A co-founder relationship is unlike any other relationship you’ll have.
Your co-founder is not your friend, your colleague, or your lover. At Entrepreneur First, we have helped thousands of people start companies with complete strangers.
If you make it far enough together, your relationship with your co-founder will be life defining. The relationship will be emotional, legal, financial, and everything in between. You might spend more time with your co-founder than your spouse. Whether this is for good or bad depends largely on whether you and your co-founder are deliberate about your relationship and committed to helping each other do better.
To build the best co-founding relationship, you must give each other constant feedback.
No one will give you feedback.
Without conscious effort, founders are some of the most feedback starved people on the planet. When you start a company, you’re only forced to hear difficult feedback when it’s too late – once you notice your company is already failing.
When you work for a large organization, there are mechanisms to address your professional development – performance reviews, peer appraisals, 360-degree feedback. When you are just a two-person team, none of these is readily available. You are simultaneously each other’s boss, peer and subordinate.
It’s not much different even once you’ve built out your own team. When you run and own the company, even with the best intentions, you’re unlikely to get 100% honest feedback. You are, after all, in charge. Your employees have different incentives to you, and your investors have different incentives to you.
Ultimately you are the only person responsible for your outcome. And if you want that outcome to be good, you need to relentlessly hunt for feedback people don’t want to give you. And the person you most need feedback from is the person most aligned with you, your co-founder.
But everything depends on it.
Especially in the early stages, without the founders there is no company. If the co-founders of a 50,000 employee company suddenly cease to exist, the company keeps on going. If both co-founders of a two person company suddenly cease to exist, it does not.
In the beginning, all you really have is your team. The performance of your team, and of your relationship, will determine your outcome. If each week you can make your co-founder 1% better at their job by giving them the right feedback, you have an obligation to both of you to do it. No founder has everything it takes to start a successful company right from the beginning. The only way you can succeed together in the long run is through compounding small improvements week after week.
While it can be easier in the short term to avoid giving feedback, there is no reward for working with the wrong cofounder the easy way, or the right cofounder in the wrong way. The opportunity cost of not giving your co-founder feedback, even if that feedback means your co-founding team breaks up, is massive. Spend a long time with the wrong person, and you won’t succeed. Spend a long time working on the wrong things, and you won’t succeed either. If feedback means breaking up, better you break up sooner than later.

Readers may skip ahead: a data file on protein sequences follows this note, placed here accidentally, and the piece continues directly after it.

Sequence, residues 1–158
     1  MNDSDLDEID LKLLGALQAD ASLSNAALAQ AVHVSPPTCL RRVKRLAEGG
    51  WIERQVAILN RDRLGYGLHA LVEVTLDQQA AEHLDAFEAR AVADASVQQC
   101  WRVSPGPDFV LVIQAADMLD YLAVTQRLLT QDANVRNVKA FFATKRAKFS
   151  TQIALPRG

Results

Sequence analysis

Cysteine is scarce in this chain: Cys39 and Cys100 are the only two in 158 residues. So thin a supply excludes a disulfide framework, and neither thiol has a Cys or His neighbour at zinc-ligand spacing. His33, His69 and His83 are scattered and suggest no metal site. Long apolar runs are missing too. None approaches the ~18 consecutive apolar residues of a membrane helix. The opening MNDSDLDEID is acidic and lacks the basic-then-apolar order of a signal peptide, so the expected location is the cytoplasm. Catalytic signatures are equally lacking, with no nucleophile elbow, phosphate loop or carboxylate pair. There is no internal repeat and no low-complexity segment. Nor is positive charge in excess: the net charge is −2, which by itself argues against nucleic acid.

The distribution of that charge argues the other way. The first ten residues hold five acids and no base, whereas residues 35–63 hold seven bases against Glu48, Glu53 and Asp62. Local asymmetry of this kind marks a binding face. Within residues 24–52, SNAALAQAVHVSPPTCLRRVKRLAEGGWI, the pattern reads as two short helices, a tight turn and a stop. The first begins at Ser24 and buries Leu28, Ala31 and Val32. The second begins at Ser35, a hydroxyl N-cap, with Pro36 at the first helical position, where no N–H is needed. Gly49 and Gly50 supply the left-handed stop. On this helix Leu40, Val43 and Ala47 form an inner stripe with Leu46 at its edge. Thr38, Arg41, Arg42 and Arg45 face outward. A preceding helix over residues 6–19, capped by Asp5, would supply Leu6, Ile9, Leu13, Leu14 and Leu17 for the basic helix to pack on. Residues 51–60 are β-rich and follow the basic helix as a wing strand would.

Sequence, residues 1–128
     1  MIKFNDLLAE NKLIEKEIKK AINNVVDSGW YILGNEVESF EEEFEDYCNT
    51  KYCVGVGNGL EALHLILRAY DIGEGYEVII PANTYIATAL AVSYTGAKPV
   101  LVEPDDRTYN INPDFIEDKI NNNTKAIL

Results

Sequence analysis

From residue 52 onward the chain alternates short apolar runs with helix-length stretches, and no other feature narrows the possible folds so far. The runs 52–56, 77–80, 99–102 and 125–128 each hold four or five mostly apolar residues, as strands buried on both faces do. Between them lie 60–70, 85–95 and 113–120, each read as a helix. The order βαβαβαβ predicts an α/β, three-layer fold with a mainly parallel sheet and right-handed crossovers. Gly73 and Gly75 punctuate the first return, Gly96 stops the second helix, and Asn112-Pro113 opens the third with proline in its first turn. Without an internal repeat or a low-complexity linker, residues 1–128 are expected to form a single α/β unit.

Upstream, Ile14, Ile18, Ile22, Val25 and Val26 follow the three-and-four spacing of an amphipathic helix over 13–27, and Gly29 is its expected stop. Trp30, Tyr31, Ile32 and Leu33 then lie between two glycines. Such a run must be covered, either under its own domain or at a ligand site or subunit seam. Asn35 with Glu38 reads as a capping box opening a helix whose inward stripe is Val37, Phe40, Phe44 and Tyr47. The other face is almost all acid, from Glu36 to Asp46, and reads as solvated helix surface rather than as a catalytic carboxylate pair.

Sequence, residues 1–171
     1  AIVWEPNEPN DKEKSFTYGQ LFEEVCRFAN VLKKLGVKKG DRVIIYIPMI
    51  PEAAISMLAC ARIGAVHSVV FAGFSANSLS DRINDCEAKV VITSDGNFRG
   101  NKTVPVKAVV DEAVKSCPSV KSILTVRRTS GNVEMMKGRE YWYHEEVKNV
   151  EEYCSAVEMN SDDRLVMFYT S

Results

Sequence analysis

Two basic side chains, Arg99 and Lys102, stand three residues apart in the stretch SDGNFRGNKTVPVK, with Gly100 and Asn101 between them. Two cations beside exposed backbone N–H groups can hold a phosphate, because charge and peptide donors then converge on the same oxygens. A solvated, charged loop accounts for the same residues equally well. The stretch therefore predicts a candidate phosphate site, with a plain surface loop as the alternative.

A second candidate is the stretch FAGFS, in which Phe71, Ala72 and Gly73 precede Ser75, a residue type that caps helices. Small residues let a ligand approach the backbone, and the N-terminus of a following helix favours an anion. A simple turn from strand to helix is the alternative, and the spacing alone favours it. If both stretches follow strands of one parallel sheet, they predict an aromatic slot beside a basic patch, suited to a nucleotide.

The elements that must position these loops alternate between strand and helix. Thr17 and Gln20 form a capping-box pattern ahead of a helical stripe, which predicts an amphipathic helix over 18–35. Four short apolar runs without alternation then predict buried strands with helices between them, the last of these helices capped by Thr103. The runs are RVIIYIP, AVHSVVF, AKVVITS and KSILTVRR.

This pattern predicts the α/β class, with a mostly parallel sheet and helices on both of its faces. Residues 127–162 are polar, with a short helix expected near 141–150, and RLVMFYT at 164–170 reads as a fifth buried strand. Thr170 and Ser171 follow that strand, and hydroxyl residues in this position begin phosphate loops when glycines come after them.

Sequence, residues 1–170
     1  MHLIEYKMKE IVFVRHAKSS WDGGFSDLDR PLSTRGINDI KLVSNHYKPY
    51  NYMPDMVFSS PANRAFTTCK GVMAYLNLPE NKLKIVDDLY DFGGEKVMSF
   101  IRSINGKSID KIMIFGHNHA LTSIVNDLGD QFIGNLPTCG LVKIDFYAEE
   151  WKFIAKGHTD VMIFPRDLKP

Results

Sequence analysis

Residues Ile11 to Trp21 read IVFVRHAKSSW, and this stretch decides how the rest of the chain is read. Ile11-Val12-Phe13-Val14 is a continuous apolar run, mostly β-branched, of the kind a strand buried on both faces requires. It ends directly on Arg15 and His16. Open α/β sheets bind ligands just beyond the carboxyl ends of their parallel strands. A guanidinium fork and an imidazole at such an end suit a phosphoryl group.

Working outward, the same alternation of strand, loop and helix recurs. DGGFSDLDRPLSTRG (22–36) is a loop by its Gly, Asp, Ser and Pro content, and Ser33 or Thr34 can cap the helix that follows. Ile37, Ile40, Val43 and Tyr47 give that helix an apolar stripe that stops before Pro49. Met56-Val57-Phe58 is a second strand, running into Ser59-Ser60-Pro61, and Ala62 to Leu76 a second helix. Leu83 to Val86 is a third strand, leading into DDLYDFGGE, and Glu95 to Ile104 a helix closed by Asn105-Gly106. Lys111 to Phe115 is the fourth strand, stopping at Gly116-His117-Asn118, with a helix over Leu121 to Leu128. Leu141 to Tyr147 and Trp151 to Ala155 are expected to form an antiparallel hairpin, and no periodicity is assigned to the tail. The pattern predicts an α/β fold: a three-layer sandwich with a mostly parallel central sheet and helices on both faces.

Everything depends on you, and you depend on feedback.
Problems get bigger and harder over time.
If you avoid giving feedback, it only gets harder to give, and more important to give it. At Entrepreneur First, although we try our hardest to convince teams to frequently give each other effective feedback, it doesn’t always happen. Invariably, usually around a key moment like raising funding, a small number of teams that seem stable break up.
This happens in the rare case that a team is able to make good progress while having serious dysfunctions in their relationship. Progress, especially traction, can create a bond between co-founders just as easily as lack of progress can destroy it. But sometimes, progress can enable teams to cover up or avoid relationship or performance issues. And this is very dangerous.
If your company does well, you get more resources – more money, people, and tools. Your influence increases and this magnifies your issues and mistakes. As a founder, you’ll find that flaws within your organisation often reflect your own. Minor issues become major crises.
And as your company grows, the stakes get higher and higher. More of your employees’ livelihoods, more of your investors’ money, more of your life is at risk. Major co-founder disputes, misalignment, and mistakes are incalculably more costly later on than at the beginning.
Create a feedback culture.
The time to learn how to give your co-founder feedback is not during a crisis. It’s every day, right from the beginning. Creating a feedback culture between you and your co-founder is one of the most valuable things you can do for your company. At EF, we’ve seen the best founders deliver hard feedback time and time again, and grow together as a result.
Of course, giving hard feedback doesn’t mean being nasty. A strong feedback culture is only possible if feedback is given in an effective way.